She went to Stanford Cardinal in 2018, competing there for 2 seasons. There, her scoring prowess continued, hitting the back of the net 24 times in 33 matches. 17 of them came in her sophomore season. In 2019, she helped lead Stanford to the NCAA national championship by scoring a hat trick in the semifinal. After that title, she was called into a USWNT talent identification camp by current USWNT head coach Vlatko Andonovski.

At that point, Sophia Smith decided to move to the professional level, entering the 2020 NWSL Draft and being selected by the Portland Thorns with the #1 overall pick, the first teenager drafted into the league. She also was called in for the first USWNT camp of the year, however she still did not earn a camp for the team. Still, she continued to play and improve and honestly take any setbacks personally. She knew her time was coming, and she was going to make a statement when she did.

She helped the U-20s win the Concacaf U-20 Women’s Championship, and was on track to finally appear for the senior national team. However, due to the Covid shutdown, Smith did not earn her first USWNT cap until November 27, 2020, when she appeared in a match against the Netherlands. When she stepped foot onto the field, she became the first player born in the 2000s to appear for the USWNT.

Her star continued to rise with the Portland Thorns as well, with her being a part of the team that won the 2021 NWSL Challenge Cup as well as the 2021 Women’s International Champions Cup. On the international level, she was with the USWNT essentially full time, winning the 2021 SheBelieves Cup and scoring her first goal in a friendly against Paraguay in September 2021.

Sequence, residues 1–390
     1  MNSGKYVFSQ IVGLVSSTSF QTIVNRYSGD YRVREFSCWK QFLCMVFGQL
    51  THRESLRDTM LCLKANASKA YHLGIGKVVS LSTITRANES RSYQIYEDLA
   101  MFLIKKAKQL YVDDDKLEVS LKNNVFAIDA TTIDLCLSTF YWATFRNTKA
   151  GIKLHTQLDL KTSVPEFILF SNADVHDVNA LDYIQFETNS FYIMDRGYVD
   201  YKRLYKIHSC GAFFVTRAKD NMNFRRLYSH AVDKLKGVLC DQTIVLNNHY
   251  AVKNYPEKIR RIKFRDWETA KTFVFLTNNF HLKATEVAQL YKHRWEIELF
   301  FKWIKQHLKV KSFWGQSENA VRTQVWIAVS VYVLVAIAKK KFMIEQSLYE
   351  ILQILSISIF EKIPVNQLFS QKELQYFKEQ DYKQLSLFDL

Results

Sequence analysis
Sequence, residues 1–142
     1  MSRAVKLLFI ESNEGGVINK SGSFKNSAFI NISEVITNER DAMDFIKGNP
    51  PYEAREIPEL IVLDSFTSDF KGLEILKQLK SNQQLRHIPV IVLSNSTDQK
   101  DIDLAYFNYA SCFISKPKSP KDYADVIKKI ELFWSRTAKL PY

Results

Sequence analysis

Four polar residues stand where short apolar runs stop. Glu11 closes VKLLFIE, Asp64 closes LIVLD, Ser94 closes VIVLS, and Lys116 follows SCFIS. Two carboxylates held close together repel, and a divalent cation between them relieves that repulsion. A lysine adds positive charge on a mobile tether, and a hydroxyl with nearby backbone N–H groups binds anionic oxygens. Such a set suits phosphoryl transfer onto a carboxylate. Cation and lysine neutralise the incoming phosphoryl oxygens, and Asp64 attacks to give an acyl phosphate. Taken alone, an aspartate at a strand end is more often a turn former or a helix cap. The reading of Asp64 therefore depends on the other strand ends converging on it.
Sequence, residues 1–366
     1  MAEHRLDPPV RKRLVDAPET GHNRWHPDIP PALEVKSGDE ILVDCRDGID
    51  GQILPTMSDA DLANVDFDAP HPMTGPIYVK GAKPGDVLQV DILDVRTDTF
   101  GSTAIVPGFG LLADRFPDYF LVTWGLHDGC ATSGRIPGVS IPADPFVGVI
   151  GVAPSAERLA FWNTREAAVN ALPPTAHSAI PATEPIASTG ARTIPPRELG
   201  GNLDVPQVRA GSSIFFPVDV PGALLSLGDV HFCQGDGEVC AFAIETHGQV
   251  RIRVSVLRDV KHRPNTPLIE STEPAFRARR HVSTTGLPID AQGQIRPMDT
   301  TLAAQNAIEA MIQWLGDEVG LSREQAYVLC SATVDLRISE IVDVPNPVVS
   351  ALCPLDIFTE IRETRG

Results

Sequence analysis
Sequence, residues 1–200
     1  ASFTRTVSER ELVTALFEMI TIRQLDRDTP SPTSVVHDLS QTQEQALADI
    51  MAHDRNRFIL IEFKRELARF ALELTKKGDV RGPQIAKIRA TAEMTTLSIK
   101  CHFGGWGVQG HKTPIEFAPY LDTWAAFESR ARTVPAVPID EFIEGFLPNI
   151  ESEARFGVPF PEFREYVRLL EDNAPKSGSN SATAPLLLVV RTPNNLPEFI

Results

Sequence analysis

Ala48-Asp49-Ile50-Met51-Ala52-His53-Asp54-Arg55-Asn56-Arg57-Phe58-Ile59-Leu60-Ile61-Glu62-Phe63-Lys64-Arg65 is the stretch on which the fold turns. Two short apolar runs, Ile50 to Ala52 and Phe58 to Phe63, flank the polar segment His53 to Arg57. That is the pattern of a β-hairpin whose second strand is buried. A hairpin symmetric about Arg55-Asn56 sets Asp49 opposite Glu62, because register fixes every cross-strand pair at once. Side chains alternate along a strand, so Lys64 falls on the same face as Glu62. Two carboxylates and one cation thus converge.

However, it was 2022 where she stepped up and asserted her dominance on the soccer world. She scored 18 goals across all competitions for the Thorns, as they won the NWSL Championship. On top of that, she was voted NWSL MVP, named to the NWSL Best XI, and also won the NWSL Championship Game MVP as she scored a dazzling goal to open up scoring in the final.

On the international level, she only led the USWNT in scoring with 11 goals on the year. For her successes, she was named U.S. Soccer’s 2022 Female Player of the Year.

The only thing left for the world to do is to recognize her brilliant talent by listing her among the best players on the planet. Yet, every time there’s a list of the best talent out there, Sophia’s name isn’t on there, which constantly leads to widespread frustration among fans and players alike.

But, Sophia isn’t planning to worry about it. She’s got her mind on getting healthy for another successful season on the club level, but her eyes are focused on the Women’s World Cup this summer, where she hopes to once again step up and do nothing but score goals at a record clip to lead the USWNT to another trophy. Sophia Smith is already shining, but it’s time the rest of the world recognizes that she’s the brightest star in the sky.


For more Black History Month stories, check out our Black History Month hub. We will be bringing stories throughout the month to highlight some of the biggest moments in Black American and world soccer history.